If you love Super Mario Bros. but have always found it just a bit too masculine, then your dreams are about to come true. Giana Sisters gives you all the brick-breaking, fire-throwing, flag-reaching action you could want, and it wraps it up in a tidy feminine package.
While there’s no doubt that this game is a total rip-off of the Nintendo classic, it’s not a pixel-for-pixel re-skin. The levels are new, the bad guys are different, and the controls feel looser and more jaunty. None of these are bad things. The game is actually really fun, which proves once again that if you’re going to steal, you might as well steal from the best.
Double your flavor, double your fun.
The paper-thin story tells the tale of a blonde-haired girl whose treasure chest full of diamonds explodes, blanketing the 2D platform-filled land with her gems. Her only recourse is to hop, skip, and jump around until she gets them all back. By herself, she’s weak and can be killed with one hit. But nab a powerup, and she transforms into her red-haired, fireball-slinging sister.
You take control of the Giana girls using a simple left/right D-pad and buttons to jump and shoot. The touch interface is responsive and totally up to the task of navigating the perilous terrain you’ll encounter. And make no mistake: The environments are expertly crafted, with pits, platforms, and enemies packed into every level. The stages are fairly short, too, which makes for great on-the-go gaming.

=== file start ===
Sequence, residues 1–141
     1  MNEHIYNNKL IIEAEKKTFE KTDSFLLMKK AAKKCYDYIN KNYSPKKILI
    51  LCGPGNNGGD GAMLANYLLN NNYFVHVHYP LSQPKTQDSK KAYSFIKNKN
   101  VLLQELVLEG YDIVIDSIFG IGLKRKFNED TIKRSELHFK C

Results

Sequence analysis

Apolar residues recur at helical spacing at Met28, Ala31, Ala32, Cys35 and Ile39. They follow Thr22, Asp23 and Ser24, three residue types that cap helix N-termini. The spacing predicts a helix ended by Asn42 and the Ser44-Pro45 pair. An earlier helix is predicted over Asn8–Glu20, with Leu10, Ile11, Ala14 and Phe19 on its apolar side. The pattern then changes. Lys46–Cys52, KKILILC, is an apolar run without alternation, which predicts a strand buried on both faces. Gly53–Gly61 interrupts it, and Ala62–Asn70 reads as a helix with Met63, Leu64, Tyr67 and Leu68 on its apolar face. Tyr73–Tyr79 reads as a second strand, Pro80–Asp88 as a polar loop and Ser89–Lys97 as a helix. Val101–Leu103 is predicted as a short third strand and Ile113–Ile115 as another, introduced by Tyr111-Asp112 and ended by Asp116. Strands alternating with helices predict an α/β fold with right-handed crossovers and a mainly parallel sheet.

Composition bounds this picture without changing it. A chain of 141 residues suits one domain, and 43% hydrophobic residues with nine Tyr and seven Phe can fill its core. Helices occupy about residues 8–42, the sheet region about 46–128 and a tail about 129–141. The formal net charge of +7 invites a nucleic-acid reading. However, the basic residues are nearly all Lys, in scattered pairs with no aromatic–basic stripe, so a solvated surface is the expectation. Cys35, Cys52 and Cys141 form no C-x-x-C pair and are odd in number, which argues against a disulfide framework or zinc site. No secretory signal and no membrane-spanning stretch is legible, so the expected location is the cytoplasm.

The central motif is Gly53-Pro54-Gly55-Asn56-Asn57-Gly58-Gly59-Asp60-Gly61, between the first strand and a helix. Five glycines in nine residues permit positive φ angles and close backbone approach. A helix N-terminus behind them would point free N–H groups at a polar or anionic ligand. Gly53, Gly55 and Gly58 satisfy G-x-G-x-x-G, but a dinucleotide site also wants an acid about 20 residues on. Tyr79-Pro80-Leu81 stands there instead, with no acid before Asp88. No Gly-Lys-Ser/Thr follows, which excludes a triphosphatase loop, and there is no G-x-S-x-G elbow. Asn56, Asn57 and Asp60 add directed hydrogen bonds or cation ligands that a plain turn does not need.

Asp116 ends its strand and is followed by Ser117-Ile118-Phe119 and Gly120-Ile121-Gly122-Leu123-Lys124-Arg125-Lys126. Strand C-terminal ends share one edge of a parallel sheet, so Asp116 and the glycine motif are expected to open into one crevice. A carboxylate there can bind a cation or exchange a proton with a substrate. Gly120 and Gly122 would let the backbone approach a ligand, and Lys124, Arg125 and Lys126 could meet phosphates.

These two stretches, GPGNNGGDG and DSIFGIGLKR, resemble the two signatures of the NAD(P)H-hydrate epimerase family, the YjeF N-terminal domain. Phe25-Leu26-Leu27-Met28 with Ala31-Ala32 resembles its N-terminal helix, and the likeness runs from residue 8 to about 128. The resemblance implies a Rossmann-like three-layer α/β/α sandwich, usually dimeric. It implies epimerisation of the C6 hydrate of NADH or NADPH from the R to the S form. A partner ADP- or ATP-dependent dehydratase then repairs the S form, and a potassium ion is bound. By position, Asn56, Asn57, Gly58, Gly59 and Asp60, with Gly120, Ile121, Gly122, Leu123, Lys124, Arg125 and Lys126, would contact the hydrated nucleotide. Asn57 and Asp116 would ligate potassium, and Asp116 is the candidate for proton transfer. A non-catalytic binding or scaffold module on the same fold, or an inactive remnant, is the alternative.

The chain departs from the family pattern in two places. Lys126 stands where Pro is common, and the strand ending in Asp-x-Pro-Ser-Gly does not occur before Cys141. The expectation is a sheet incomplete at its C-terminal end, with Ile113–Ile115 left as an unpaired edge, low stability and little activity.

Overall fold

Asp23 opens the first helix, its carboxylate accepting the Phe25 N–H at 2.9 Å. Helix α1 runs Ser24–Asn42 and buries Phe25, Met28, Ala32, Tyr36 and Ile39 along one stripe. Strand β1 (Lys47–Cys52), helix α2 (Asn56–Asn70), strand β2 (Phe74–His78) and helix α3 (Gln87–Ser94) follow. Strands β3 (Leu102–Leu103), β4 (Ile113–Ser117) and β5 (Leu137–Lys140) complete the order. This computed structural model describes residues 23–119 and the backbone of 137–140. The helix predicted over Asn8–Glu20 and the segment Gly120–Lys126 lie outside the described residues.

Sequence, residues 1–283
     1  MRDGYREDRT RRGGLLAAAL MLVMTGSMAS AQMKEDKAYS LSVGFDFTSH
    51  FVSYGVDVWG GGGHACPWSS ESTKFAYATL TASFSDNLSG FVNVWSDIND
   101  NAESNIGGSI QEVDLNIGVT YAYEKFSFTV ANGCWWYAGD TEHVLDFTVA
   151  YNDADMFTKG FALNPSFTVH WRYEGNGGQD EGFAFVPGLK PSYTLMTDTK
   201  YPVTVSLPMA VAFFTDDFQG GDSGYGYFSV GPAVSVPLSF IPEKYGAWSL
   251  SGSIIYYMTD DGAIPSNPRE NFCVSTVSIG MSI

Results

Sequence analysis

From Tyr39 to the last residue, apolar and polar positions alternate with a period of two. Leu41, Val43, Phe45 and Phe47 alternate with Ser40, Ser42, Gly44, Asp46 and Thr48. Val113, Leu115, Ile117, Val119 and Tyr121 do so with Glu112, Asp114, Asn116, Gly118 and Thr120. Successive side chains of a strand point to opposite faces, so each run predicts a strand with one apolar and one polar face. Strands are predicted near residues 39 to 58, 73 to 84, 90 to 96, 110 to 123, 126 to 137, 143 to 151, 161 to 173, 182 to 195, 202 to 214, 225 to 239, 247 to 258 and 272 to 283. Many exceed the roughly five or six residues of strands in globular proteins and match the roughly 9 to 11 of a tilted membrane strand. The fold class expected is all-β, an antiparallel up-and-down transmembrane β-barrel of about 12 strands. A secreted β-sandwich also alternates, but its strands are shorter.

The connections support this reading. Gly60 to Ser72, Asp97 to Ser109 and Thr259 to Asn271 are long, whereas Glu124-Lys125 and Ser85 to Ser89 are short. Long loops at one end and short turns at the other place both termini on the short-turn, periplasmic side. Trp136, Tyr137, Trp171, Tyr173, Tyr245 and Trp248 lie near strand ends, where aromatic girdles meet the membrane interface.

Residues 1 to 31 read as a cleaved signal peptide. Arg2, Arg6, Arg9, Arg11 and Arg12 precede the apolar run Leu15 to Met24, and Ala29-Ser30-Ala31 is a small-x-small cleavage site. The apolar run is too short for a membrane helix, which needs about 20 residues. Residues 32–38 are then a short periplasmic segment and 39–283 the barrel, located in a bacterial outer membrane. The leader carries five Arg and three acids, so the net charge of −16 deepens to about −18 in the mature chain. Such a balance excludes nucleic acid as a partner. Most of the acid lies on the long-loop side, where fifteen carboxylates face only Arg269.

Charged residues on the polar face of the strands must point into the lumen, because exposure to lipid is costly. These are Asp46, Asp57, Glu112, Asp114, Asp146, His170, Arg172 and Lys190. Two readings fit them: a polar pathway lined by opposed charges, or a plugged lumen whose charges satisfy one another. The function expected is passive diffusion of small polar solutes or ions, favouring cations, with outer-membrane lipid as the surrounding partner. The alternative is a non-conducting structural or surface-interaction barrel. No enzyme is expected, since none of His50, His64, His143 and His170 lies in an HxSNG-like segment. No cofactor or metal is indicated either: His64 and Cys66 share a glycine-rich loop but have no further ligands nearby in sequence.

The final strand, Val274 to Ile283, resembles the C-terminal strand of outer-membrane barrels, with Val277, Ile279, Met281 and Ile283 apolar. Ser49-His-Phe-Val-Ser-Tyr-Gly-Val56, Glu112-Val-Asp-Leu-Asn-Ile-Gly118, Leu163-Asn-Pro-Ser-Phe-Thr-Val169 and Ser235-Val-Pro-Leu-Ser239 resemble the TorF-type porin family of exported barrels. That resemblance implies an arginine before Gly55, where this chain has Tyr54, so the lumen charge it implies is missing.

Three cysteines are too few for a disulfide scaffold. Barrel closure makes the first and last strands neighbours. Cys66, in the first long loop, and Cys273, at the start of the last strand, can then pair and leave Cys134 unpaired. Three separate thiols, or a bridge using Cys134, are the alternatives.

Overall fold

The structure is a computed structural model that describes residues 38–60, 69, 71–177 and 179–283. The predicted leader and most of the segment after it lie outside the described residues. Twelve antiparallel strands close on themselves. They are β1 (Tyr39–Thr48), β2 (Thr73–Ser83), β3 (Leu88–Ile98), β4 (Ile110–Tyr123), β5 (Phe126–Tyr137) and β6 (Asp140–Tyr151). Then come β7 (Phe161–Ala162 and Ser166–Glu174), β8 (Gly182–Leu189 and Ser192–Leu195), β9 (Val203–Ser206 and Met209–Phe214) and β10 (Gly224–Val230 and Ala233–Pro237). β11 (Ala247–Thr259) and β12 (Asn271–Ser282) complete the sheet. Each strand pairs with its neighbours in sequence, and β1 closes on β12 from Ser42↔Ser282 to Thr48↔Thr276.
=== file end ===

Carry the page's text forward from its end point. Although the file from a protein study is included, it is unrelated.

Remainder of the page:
Like in all iDevice platformers, falling in pits due to the lack of tactile feedback from the touch buttons can be annoying. Giana Sisters sidesteps this issue by placing checkpoints in the longer levels, meaning that you’ll never be put back very far when you bite the big one.
Piranha fish instead of piranha plants.
Giana Sisters is a very fun game, but we have to note its astonishing lack of creativity. This game borrows everything and pioneers almost nothing. From pipes to powerups, breakable bricks to gem boxes, this game is a shameless clone of Super Mario Bros. The things that set it apart, like the chewing gum bubbles that allow you to float, are nice touches, but they’re very few and far between.
For a game that originally came out for Amiga and Commodore 64 more than 20 years ago, it’s impressive that Giana Sisters can still provide such enjoyable gameplay. The original 32 levels are intact, an impressive 80 new ones have been added, and the whole thing has received a pretty facelift. That’s a lot of bang for your buck. And since Mario won’t be making an appearance in the App Store any time soon, we encourage you to give this one a try.